Theory: For any given position of the observer, the altitude of a celestial body, reduced to the celestial horizon, is solely a function of the observer's latitude, the declination of the body, and the meridian angle (or local hour angle). The altitude formula is obtained by applying the law of cosine for sides to the navigational triangle (see chapter 10 & 11):

H = arcsin ( sin Lat sin Dec + cos Lat cos Dec cos t )

We choose an arbitrary point in the vicinity of our estimated position, preferably the nearest point where two grid lines on the chart intersect. This point is called assumed position, AP (Fig. 4-2). Using the above formula, we calculate the altitude of the body resulting from LatAP and LonAP, the geographic coordinates of AP. The altitude thus obtained is called computed or calculated altitude, Hc. Usually, Hc will slightly differ from the actually observed altitude, Ho (see chapter 2). The difference, H, is called intercept.

H = Ho - Hc

Ideally, Ho and Hc are identical if the observer is at AP. In the following, we will discuss which possible positions of the observer would result in the same intercept, H. For this purpose, we assume that the intercept is an infinitesimal quantity and denote it by dH. The general formula is:

dH =

H H d Lat + dt Lat t

This differential equation has an infinite number of solutions. Since dH and both differential coefficients are constant, it can be reduced to an equation of the general form:

d Lat = a + b d t

Thus, the graph is a straight line, and it is sufficient to dicuss two special cases, dt=0 and dLat=0, respectively. In the first case, the observer is on the same meridian as AP, and dH is solely caused by a small variation of latitude, dLat, whereas t is constant (dt = 0). We differentiate the altitude formula with respect to Lat:

sin H = sin Lat sin Dec + cos Lat cos Dec cos t d (sin H ) = (cos Lat sin Dec - sin Lat cos Dec cos t ) d Lat cos H d H = (cos Lat sin Dec - sin Lat cos Dec cos t ) d Lat d Lat = cos H dH cos Lat sin Dec - sin Lat cos Dec cos t

4-4

Adding dLat to LatAP, we obtain the point P1, as illustrated in Fig.4-4. P1 is on the observer's circle of equal altitude.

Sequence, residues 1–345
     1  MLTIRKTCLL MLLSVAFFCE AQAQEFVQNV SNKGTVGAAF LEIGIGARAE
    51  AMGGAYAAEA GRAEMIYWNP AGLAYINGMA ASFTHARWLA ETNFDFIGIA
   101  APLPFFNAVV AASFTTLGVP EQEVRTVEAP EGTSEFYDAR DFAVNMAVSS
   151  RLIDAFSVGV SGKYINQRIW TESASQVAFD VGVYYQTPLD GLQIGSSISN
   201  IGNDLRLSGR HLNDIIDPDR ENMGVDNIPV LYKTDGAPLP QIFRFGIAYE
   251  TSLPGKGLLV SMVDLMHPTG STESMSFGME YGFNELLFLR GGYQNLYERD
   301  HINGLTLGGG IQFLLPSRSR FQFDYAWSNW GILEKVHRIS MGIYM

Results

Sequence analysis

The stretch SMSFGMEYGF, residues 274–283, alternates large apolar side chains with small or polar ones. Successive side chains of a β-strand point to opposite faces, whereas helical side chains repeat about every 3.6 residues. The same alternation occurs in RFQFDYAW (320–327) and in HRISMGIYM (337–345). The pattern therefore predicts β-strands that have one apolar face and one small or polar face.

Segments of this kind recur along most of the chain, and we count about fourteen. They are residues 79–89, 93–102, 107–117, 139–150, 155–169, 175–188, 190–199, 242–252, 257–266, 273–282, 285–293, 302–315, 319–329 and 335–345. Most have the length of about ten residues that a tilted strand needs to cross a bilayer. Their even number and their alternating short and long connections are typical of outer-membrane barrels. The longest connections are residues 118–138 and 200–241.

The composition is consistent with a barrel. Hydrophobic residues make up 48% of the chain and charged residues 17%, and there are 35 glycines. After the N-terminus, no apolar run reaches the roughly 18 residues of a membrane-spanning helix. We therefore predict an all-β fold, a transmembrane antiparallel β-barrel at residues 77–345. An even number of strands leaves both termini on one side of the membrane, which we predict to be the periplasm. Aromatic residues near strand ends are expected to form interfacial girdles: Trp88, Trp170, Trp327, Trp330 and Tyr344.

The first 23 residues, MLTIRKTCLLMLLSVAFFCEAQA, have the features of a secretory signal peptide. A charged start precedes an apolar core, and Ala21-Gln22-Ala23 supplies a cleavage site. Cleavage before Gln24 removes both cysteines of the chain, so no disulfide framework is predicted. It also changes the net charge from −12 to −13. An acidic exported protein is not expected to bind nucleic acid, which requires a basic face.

In the second case, the observer is on the same parallel of latitude as AP, and dH is solely caused by a small change of the meridian angle, dt, whereas Lat is constant (dLat=0). We differentiate the altitude formula with respect to t:

sin H = sin Lat sin Dec + cos Lat cos Dec cos t d (sin H ) = - cos Lat cos Dec sin t d t cos H d H = - cos Lat cos Dec sin t d t dt = - cos H d H cos Lat cos Dec sin t

Adding dt (corresponding with an equal change of longitude, dLon) to LonAP, we obtain the point P2 which, too, is on the observer's circle of equal altitude. Thus, we would measure Ho at P1 and P2, respectively. Knowing P1 and P2, we can plot a straight line passing through these positions. This line is a tangent of the circle of equal altitude and is our line of position, LOP. The great circle passing through AP and GP is represented by a straight line perpendicular to the line of position. The arc between AP and GP is the radius of the circle of equal altitude. The distance between AP and the point where this line, called azimuth line, intersects the line of position is the intercept, dH. The angle formed by the azimuth line and the local meridian of AP is called azimuth angle, Az. The same angle is formed by the line of position and the parallel of latitude passing through AP (Fig. 4-4).

There are several ways to obtain Az and the true azimuth, AzN, from the right (plane) triangle formed by AP, P1, and P2: 1. Time-altitude azimuth:

cos Az =

dH cos Lat sin Dec - sin Lat cos Dec cos t = d Lat cos H

cos Lat sin Dec - sin Lat cos Dec cos t Az = arccos cos H

Az is not necessarily identical with the true azimuth, AzN, since the arccos function returns angles between 0° and +180°, whereas AzN is measured from 0° to +360°.

4-5

To obtain AzN, we have to apply the following rules when using the formula for time-altitude azimuth:

Az Az N = 360° - Az

2. Time azimuth:

if if

t < 0° (180° < LHA < 360°) t > 0° (0° < LHA < 180°)

tan Az =

d Lat sin t = cos Lat d t sin Lat cos t - cos Lat tan Dec

The factor cos Lat is the relative circumference of the parallel of latitude going through AP (equator = 1).

Az = arctan

sin t sin Lat cos t - cos Lat tan Dec

The time azimuth formula does not require the altitude. Since the arctan function returns angles between -90° and +90°, a different set of rules is required to obtain AzN:

Az N

if Az = Az + 360° if Az + 180° if

numerator < 0 AND denominator < 0 numerator > 0 AND denominator < 0 denominator > 0

3. Altitude azimuth: This formula is directly derived from the navigational triangle (cosine law, see chapter 10 & 11) without using differential calculus.

cos Az =

sin Dec - sin H sin Lat cos H cos Lat sin Dec - sin Hc sin Lat cos Hc cos Lat

Az = arccos

As with the formula for time-altitude azimuth, AzN is obtained through these rules: